And, of course, there is Zynga. Struggling to keep it’s shares afloat after a big drop in valuation over the last few months, Zynga is looking to expand into real money gambling ventures as well. The company is rumored to be currently developing slots and casino gaming platforms that will permit real money wagering like that of the Slots and Bingo Friendzy. But here’s the kicker – Another rumor floating about is that Facebook is in talks with Zynga about potentially acquiring the company. That Mark Zuckerberg and Zynga CEO, Mark Pincus, reportedly have dinner together every week, certainly gives cause to raise an eyebrow…or two.

The fact is, Facebook needs to generate more revenue to keep its shareholders happy. And quite frankly, online gambling is a surefire way to do this. Even if there are some user’s who strongly disagree with Facebook’s move to enter the gambling market, it’s most likely not going to stop them from using their Facebook account. Gambling is a part of society and culture…and it’s not going away any time soon. So long as there is demand in regulated markets, it would be senseless for Facebook to not make this a part of its advertising model.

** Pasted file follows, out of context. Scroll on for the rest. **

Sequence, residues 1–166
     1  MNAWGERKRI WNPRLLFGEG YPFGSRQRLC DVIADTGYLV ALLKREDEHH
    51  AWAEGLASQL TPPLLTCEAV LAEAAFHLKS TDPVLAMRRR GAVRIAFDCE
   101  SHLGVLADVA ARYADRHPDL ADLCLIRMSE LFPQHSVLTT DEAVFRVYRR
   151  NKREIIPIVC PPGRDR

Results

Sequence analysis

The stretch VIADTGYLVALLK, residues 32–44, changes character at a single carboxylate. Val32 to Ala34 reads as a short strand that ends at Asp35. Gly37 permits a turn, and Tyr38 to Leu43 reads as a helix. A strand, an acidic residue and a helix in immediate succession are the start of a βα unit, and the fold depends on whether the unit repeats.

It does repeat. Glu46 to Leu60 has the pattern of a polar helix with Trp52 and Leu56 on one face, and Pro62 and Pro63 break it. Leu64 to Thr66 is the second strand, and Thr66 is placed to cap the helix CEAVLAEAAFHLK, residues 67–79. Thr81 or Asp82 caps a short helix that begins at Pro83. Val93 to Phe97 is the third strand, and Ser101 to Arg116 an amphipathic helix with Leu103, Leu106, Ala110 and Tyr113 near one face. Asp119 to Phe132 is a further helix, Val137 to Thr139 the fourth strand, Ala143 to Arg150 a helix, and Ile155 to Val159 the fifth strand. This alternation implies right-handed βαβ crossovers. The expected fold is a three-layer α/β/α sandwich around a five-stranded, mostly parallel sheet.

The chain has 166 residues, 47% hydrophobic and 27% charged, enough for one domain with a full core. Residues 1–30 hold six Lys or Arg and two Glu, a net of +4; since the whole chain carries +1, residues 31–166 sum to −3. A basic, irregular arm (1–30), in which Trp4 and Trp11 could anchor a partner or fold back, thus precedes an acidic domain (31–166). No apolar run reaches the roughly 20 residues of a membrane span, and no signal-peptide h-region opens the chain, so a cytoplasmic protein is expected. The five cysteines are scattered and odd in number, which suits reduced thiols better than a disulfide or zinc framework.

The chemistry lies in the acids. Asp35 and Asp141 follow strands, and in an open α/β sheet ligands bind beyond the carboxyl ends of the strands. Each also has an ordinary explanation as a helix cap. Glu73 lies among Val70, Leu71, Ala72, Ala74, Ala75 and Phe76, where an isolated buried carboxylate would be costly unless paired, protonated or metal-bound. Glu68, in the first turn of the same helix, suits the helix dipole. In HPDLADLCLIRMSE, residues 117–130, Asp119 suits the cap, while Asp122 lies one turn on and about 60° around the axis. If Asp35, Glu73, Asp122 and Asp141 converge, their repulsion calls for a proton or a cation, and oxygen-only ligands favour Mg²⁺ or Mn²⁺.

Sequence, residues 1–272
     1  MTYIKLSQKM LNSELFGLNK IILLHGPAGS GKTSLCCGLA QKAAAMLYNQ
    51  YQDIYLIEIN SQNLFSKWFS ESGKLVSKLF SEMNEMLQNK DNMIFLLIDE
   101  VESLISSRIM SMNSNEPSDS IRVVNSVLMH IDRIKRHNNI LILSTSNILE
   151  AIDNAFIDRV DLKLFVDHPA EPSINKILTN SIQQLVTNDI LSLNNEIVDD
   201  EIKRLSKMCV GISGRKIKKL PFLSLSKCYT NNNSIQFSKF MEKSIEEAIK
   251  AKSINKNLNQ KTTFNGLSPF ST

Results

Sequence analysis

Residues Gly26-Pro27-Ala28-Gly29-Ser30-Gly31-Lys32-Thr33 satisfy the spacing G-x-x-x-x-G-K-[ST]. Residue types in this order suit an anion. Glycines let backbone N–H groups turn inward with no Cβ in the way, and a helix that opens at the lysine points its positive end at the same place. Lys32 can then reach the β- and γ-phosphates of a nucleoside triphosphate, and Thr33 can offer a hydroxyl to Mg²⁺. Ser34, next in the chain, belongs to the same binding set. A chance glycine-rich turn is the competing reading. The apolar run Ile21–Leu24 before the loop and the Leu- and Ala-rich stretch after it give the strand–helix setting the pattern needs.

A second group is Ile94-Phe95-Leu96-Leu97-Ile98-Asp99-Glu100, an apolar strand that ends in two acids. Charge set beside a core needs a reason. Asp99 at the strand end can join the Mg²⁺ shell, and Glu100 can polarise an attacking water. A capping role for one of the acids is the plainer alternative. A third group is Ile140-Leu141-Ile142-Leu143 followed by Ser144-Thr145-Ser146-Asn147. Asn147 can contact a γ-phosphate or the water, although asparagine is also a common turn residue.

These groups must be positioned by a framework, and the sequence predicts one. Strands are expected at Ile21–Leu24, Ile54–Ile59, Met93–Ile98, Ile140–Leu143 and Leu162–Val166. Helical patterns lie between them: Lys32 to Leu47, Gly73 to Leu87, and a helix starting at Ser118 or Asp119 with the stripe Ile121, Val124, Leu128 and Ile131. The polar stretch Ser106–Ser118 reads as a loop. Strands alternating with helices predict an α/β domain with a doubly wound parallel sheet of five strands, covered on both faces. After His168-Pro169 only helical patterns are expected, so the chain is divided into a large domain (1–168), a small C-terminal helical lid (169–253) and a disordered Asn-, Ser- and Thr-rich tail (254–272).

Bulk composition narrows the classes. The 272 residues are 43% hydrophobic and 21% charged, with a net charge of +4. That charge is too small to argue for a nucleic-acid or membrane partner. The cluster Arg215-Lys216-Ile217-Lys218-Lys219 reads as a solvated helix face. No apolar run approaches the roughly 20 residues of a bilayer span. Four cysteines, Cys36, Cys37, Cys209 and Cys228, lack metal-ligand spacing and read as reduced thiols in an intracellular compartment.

At least that’s what we believe here at OCS. And yes, we have our own presence on Facebook as well. Give us a Like if you too support Facebook’s foray in the real money wager industry!

Belle Rock Publishes Online Video Poker Tips

Monday, August 6th, 2012

Video Poker Glitch Allows Players to Increase Wager on Double Up Feature

Via press release, Belle Rock Entertainment – one of the oldest online casino groups in business today (not to mention one of the most reputable) – has announced the publication of a mini strategy guide for Jacks or Better video poker. Offering unlimited free-play on their suite of Microgaming-powered video poker games, Belle Rock is hoping to attract gamblers who’ve never played video poker before, but have always been curious about the game.